In the preface, Gopnik writes, “We shouldn’t intellectualize food,” and on that count I think the book is a failure; as a result, some chapters are something of a slog. But others are wonderful. (They vary quite a lot in style and tone, and don’t make a very cohesive whole – presumably because they were written as a series of unconnected essays for the New Yorker.) I loved the chapter on the history of recipes and recipe books, and the letters to Elizabeth Pennell, which even allow for a plot twist of sorts. I found the philosophizing about (against, really) vegetarianism particularly unconvincing, but he does get a good burn in on Mark Bittman:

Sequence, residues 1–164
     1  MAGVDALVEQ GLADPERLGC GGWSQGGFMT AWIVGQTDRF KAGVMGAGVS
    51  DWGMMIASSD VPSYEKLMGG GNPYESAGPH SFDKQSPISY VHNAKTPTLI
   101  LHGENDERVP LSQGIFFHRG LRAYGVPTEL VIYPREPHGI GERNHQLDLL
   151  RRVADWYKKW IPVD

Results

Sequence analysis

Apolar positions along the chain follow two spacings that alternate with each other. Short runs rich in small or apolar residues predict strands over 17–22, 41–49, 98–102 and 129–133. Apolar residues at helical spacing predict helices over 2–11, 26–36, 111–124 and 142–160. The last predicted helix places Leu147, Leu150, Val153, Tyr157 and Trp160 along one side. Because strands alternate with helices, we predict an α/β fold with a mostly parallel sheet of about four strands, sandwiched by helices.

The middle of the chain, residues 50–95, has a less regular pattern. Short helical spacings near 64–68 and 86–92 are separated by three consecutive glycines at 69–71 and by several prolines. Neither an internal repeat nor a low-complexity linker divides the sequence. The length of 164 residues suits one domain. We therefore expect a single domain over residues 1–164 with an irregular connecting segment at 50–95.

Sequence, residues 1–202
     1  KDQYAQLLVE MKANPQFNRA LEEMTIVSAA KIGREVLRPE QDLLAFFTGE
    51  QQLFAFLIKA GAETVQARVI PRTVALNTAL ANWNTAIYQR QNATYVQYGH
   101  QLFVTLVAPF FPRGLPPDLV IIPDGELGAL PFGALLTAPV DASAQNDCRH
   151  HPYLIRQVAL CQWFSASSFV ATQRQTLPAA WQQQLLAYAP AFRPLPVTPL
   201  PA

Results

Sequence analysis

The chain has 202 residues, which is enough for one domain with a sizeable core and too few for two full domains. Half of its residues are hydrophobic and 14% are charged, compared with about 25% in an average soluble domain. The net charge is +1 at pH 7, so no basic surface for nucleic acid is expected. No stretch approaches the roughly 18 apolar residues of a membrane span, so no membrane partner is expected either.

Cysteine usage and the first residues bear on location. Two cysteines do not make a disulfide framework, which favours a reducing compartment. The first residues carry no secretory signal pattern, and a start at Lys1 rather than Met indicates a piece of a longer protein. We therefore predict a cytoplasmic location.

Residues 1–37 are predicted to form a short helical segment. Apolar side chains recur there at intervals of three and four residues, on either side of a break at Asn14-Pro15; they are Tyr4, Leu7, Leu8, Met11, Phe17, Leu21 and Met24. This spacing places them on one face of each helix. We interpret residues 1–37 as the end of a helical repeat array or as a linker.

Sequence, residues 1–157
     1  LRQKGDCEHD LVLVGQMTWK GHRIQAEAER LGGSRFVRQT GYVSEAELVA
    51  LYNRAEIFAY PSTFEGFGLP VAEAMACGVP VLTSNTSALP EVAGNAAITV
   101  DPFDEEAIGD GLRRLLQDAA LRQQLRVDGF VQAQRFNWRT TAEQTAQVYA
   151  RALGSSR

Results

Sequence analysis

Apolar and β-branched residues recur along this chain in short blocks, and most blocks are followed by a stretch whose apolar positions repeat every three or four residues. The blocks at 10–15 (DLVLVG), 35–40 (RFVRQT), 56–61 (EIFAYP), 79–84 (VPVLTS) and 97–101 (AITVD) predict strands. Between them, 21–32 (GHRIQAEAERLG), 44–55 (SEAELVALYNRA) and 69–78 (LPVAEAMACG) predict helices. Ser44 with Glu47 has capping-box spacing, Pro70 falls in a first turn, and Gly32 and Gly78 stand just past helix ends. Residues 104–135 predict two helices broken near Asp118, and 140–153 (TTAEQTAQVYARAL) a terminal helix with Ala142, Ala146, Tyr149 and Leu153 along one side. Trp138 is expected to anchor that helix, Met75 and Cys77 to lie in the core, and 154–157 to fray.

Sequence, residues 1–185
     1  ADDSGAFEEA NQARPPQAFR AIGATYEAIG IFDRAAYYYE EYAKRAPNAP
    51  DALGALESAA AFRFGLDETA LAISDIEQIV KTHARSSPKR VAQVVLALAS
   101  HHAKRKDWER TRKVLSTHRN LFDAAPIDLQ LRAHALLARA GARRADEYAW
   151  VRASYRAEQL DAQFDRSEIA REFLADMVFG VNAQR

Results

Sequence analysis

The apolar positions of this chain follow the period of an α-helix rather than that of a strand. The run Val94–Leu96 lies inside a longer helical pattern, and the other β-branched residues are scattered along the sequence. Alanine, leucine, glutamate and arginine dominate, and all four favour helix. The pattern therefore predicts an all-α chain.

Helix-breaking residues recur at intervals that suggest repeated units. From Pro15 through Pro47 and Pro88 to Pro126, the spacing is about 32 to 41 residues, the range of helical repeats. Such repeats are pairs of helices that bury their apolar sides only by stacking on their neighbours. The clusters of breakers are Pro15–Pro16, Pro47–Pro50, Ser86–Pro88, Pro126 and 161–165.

[Bittman] is cautious, and even skeptical; while Rosso and Lukins “love” and “crave” their filet of beef, to all of animal flesh Bittman allows no more than “Meat is filling and requires little work to prepare. It’s relatively inexpensive and an excellent source of many nutrients. And most people like it.” Most people like it! Rosso and Lukins would have tossed out any recipe, much less an entire food group, of which no more than that could be said. Lamb is a thing they “fall in love with again every season of the year,” and of pork they know that it is “divinely succulent.” Bittman thinks that most people like it.